Freedom Not Fear press release: We support the counter-demonstrations against neo-Nazi provocations in Nový Bydžov
Freedom Not Fear has issued the following press release:
On Saturday, 12 March, another attempt by neo-Nazis to take advantage of the tense atmosphere between the Roma minority and the majority society is expected, this time in Nový Bydžov. The worst-case scenario would be another attempt at a pogrom similar to the one that played itself out three years ago at the Janov housing estate in Litvínov.
The Freedom not Fear Initiative supports all counter-demonstrations against neo-Nazi provocations, be that the call issued by Anti-fascist Solidarity or by the Nový Bydžov is not alone! Initiative. We also support the local Roma who will be prepared to defend their homes. Applying the principles of collective blame and racism can do nothing to improve the situation in Nový Bydžov.
"Almost everyone who sticks out in a crowd, whether because of their ethnic origin or because they endorse a particular subculture, has encountered racist violence. The opportunity is presenting itself in Nový Bydžov to express a clear 'No' to violent Nazis who only know who to spread aggression and hatred," says Freedom Not Fear Initiative spokesperson Jan Němec. "It is hard to expect some sort of solution from them," he adds.
Since its founding in 2008, Freedom not Fear has drawn attention to the issue of social exclusion. One of the first issues to which the initiative responded was a repressive plan against Prague's homeless people, revived by city hall last year through an infamous proposal to build camps for homeless people next to garbage dumps and waste incineration plants. This example makes it clear that leading politicians have more in common with the neo-Nazis than it might seem at first glance - the politicians just manage to serve up their "Final Solutions" in more acceptable forms, with the suave smiles of well-dressed professionals. However, it is not just neo-Nazis and politicians who spread hatred - such attitudes unfortunately resonate with the opinion of most of the country, whether expressed softly or loudly. Attacks and ridicule against Roma people, the poor, or others who are weak are starting to become a generally accepted norm in "decent" society.
The problem of excluded localities is related to another hidden process which has been taking place in Czech society for many years: Gentrification. The effort to increase the real estate value of lucrative parts of cities and towns has caused the systematic eviction of residents, the disruption of social ties, and the total transformation of some neighborhoods. The evicted residents are pushed into localities with cheaper accommodation, where the vast majority of people also suffer from high unemployment. The rise in profits in lucrative city centers is accompanied by a transfer of economic losses to poor towns. In the final analysis, the process of gentrification can be compared to a more sophisticated practice of the displacement implemented by Nazi Germany. The primitive actions of the neo-Nazis also tell us more about the current functioning of socioeconomic mechanisms than it might seem at first glance.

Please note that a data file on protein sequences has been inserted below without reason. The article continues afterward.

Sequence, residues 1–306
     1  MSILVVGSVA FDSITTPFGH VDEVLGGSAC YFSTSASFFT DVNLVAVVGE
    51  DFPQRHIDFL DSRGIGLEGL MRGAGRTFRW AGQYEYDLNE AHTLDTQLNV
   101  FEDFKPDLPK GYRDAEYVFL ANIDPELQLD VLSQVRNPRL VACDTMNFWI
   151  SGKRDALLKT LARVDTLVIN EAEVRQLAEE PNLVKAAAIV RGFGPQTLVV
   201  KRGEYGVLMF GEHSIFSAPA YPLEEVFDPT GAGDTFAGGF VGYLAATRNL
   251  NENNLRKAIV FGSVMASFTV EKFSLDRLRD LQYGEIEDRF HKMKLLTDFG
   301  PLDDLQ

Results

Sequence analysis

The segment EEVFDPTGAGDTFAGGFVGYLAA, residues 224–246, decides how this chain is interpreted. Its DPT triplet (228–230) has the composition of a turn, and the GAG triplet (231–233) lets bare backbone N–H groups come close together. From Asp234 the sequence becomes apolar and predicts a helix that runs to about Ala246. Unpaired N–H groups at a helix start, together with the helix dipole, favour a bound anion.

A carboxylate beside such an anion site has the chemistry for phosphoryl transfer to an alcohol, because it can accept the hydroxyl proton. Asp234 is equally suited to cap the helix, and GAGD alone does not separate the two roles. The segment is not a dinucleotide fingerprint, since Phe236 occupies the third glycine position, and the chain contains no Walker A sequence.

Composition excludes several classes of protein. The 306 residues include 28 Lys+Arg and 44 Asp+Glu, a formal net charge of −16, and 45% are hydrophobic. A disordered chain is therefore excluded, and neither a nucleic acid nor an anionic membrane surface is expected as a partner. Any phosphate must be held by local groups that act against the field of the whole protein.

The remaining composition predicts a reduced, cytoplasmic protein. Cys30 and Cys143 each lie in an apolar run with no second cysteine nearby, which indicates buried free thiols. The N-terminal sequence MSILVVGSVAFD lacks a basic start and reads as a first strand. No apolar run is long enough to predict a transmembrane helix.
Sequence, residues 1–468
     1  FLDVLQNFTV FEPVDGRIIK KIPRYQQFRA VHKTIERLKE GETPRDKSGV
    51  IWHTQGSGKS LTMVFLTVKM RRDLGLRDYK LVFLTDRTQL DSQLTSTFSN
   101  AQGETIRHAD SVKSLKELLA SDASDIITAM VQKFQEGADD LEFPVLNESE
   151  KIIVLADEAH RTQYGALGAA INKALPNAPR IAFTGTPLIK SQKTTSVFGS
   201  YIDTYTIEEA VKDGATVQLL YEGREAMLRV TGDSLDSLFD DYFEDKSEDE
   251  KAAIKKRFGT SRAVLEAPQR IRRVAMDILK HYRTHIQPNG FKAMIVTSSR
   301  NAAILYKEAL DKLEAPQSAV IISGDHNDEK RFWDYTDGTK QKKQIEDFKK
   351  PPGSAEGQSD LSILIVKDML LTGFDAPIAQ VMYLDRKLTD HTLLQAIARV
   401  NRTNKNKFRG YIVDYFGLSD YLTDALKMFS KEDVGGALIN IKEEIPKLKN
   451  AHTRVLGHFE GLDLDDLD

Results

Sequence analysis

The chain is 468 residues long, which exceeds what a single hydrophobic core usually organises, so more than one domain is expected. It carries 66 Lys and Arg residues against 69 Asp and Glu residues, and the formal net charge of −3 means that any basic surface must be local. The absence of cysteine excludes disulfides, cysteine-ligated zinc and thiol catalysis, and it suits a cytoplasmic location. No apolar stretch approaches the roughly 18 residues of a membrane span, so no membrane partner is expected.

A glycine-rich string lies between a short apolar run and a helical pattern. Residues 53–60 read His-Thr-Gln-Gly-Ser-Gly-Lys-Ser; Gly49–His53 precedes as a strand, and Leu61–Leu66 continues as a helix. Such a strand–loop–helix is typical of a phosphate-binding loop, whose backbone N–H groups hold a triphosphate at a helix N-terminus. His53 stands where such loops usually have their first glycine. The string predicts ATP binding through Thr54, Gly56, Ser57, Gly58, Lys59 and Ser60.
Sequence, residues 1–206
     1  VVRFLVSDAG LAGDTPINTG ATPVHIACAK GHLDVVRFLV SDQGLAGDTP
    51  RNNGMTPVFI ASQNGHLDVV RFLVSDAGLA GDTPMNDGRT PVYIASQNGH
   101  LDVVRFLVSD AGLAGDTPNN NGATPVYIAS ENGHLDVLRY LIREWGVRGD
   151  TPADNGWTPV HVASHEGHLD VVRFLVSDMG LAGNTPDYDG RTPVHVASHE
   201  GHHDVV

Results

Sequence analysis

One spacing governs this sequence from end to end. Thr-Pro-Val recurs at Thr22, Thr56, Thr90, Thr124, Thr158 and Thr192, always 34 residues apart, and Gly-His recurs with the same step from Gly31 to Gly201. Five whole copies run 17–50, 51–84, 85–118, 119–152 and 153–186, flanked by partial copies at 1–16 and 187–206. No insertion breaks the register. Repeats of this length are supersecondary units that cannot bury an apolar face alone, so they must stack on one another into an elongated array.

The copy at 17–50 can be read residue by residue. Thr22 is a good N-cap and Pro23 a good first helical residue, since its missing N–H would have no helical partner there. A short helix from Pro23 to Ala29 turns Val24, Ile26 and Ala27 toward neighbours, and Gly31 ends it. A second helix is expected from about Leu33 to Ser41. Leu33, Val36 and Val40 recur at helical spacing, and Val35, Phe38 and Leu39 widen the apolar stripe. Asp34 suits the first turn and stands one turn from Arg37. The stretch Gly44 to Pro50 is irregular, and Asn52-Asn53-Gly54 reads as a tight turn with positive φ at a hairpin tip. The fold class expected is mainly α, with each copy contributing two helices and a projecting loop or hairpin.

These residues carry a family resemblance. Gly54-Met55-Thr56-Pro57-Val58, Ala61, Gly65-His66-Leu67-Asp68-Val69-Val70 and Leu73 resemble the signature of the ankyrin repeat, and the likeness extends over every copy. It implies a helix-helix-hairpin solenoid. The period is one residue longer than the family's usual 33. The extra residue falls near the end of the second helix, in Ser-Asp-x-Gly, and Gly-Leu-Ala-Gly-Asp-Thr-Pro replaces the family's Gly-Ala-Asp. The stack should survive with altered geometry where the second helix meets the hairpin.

"If there is not a fundamental restriction of the growth of the real estate mafia at local level and of fundamentalist capitalism at the nationwide level, it is completely logical that excluded localities will continue to grow, as will conflicts. It is just a matter of time before the first deaths will occur," Jan Němec says.
We can take advantage of the attempted provocation in Nový Bydžov to hold a counter-action which will face down the neo-Nazis, just as the Nazis were posthumously humiliated in Dresden in February when the anti-fascists stood up to the neo-Nazis and outnumbered them. It really depends on each one of us how this Saturday in Nový Bydžov turns out.
The Freedom not Fear Initiative was created in 2008 in response to the repressive policies of Prague City Hall. The initiative revived the traditional DIY Carnival of Czech free techno-culture, which takes place in the streets of Prague. In September 2009 the initiative was a co-organizer of "Inadaptability Week" (Týden nepřizpůsobivosti), during which demonstrators occupied a derelict house in the Albertov neighborhood of Prague.
Last year's Carnival, which traveled through the center of Prague at the start of October, once again drew attention to the polarization of society: "We perceive how ideology, supported by the media houses, nimbly gets into the blood of society. Few today are startled at all by the fact that more and more people are exiting the tribunal of the marketplace with bowed heads, that they must immediately leave society and be cleared away to a 'safe' distance as 'social cases', homeless people or 'Gypsies' - on the outskirts of towns, in the ghettos or other oases."
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